US State Dept expresses concern over alleged bid to abduct journalist


The US State Department has said that it would “continue to monitor developments” after journalist Taha Siddiqui escaped an abduction bid in Islamabad on Wednesday, reported a foreign media outlet.

“We are always very concerned over any reports of violence against journalists, in Pakistan and around the world. We will continue to monitor developments,” the US State Department said in a statement.

Taha Siddiqui, an Islamabad-based journalist, on Wednesday allegedly narrowly escaped being kidnapped by armed men, in an incident that came months after he complained of being harassed by security services.

He described how his taxi was stopped on the highway when another vehicle veered and braked in front of it. About a dozen men armed with rifles and revolvers pulled him out of the cab, beat him and ‘threatened to kill’ him.

Following the escape, the journalist made his way to the nearby Khanna police station. Khanna police then accompanied him to the Koral police station, in whose jurisdiction the incident took place.

Talking to Pakistan Today, a senior police officer of Islamabad Police said that this is his [Siddiqui’s] version that he managed to escape and the abductors ‘belonged’ to the state agencies. “However, police will investigate the matter that how come it happens. The police will also take videos from the safe city authorities,” the officer added.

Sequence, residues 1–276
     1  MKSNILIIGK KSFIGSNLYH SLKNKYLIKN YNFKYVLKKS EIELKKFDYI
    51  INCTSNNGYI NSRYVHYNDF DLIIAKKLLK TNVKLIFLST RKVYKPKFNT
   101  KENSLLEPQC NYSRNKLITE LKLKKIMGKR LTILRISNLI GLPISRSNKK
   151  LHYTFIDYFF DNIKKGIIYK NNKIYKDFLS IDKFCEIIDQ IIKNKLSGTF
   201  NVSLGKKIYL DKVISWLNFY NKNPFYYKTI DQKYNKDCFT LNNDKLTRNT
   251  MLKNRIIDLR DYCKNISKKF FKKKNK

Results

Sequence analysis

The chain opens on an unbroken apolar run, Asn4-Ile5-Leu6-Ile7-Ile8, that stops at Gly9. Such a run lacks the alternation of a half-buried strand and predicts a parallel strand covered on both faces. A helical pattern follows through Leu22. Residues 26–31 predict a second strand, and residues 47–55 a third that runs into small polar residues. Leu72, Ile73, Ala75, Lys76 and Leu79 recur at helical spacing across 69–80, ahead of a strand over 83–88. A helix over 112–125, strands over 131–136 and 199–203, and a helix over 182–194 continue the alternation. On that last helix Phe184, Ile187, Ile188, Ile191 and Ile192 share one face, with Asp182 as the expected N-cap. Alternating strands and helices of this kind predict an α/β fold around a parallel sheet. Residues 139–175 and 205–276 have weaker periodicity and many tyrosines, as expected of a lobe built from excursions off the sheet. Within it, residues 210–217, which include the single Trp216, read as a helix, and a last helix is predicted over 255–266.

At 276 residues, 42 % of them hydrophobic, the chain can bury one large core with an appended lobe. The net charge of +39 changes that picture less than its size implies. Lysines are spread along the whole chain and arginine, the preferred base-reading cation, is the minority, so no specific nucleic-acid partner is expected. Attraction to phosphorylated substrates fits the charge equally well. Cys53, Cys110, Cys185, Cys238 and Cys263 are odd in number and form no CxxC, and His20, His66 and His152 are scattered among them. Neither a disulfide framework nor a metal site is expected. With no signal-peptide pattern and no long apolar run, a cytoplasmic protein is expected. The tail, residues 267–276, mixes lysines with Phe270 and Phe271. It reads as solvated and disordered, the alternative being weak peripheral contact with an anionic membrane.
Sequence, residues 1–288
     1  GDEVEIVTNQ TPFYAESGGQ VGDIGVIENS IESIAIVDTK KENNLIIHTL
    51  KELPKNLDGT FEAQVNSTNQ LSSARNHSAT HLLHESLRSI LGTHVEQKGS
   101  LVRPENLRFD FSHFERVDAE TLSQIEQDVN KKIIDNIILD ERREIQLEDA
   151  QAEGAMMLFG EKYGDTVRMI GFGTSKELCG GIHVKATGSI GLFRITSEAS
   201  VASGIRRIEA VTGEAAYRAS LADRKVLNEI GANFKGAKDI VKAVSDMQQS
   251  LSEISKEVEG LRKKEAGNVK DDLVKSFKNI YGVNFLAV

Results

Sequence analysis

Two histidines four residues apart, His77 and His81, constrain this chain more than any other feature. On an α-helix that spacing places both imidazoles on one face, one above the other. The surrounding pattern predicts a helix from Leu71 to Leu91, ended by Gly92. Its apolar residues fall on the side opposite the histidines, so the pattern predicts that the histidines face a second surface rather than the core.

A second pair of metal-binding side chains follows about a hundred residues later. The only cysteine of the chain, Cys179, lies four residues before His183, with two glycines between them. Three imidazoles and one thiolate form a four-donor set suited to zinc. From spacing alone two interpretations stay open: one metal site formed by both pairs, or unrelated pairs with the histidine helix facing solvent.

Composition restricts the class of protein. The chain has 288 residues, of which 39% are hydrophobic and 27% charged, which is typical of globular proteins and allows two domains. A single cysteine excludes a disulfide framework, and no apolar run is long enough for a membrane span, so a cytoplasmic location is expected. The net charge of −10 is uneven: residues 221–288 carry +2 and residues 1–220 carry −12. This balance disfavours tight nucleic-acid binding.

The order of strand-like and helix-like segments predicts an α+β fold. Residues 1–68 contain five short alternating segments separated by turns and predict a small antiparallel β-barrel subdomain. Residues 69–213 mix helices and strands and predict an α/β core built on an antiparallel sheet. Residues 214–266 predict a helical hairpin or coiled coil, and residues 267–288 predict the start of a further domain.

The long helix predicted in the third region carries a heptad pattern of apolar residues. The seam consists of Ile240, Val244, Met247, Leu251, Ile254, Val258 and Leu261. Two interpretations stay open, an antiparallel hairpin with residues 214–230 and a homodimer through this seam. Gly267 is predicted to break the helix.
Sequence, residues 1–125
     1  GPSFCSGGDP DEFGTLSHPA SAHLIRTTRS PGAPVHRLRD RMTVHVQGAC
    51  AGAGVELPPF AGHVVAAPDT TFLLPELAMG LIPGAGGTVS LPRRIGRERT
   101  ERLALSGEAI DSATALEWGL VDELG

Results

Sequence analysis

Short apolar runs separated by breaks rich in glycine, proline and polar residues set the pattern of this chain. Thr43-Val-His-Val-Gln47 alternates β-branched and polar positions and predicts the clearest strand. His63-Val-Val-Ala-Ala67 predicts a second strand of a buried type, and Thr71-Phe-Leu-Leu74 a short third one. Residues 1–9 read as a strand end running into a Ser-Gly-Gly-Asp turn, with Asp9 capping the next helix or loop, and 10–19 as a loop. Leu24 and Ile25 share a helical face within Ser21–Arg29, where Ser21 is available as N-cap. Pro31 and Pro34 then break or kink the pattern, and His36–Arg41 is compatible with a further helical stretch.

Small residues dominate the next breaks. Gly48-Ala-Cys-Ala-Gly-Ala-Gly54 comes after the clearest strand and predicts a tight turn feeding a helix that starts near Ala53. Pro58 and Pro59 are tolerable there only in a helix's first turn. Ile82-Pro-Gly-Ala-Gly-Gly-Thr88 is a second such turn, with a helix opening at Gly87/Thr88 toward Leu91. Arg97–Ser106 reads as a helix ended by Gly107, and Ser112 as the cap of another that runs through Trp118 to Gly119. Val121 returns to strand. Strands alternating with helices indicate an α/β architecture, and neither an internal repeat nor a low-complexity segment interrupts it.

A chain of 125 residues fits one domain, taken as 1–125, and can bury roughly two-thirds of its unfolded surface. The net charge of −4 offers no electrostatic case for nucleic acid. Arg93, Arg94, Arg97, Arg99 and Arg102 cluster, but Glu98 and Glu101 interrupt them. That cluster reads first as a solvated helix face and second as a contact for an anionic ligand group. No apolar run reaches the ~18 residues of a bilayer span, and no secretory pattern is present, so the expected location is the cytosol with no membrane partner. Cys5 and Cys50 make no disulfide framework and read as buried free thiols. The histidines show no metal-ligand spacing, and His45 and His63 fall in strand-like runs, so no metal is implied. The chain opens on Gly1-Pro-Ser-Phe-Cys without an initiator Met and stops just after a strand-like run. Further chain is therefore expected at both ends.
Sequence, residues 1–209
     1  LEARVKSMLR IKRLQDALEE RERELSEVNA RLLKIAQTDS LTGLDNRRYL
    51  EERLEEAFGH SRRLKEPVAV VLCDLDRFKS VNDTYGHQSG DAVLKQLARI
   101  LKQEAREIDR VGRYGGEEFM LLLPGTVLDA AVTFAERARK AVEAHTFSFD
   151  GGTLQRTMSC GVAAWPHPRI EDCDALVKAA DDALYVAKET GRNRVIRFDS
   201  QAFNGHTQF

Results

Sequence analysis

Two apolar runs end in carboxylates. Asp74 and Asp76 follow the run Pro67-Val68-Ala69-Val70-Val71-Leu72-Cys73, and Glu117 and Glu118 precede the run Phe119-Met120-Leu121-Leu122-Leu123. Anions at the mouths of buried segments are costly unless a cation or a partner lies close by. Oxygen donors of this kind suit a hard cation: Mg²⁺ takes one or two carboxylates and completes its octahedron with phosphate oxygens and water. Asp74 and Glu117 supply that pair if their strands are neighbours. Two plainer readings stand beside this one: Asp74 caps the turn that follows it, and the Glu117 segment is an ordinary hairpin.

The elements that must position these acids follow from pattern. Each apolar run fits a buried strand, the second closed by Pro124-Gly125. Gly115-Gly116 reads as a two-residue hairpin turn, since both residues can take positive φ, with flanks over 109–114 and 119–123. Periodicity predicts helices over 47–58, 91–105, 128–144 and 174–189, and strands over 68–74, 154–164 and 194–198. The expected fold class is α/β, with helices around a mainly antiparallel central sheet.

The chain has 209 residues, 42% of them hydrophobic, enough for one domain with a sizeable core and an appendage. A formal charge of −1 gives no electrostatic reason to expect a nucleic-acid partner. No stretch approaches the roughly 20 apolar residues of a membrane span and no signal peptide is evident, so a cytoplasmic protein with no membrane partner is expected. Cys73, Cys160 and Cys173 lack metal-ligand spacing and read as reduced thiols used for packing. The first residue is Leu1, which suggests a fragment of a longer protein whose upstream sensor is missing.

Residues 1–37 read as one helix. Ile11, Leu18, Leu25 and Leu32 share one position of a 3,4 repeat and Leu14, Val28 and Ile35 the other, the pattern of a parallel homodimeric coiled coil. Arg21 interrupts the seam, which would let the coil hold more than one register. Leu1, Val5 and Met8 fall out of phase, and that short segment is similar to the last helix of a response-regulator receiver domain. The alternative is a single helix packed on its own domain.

Over his dramatic escape from the situation, he told reporters that being a field reporter and having 12-year-experience, he knows well how to manage survival in these circumstances.

Taha Siddiqui, 33, is an award-winning journalist and Pakistan correspondent for the Paris-based France24 English language news television channel and has reported for major media outlets such as the New York Times, Christian Science Monitor, the Guardian and Bureau chief Pakistan of WION, Indian news channel.

He was previously summoned by the Federal Investigation Agency (FIA) to answer for Twitter posts they considered to be critical of the military. However, Taha refused to answer the summons unless he was formally charged, and filed a petition with the Islamabad High Court against further harassment by the authorities.

In May, the court issued an order restraining the FIA from further harassing Siddiqui without concrete evidence. Hearings in the case continue.






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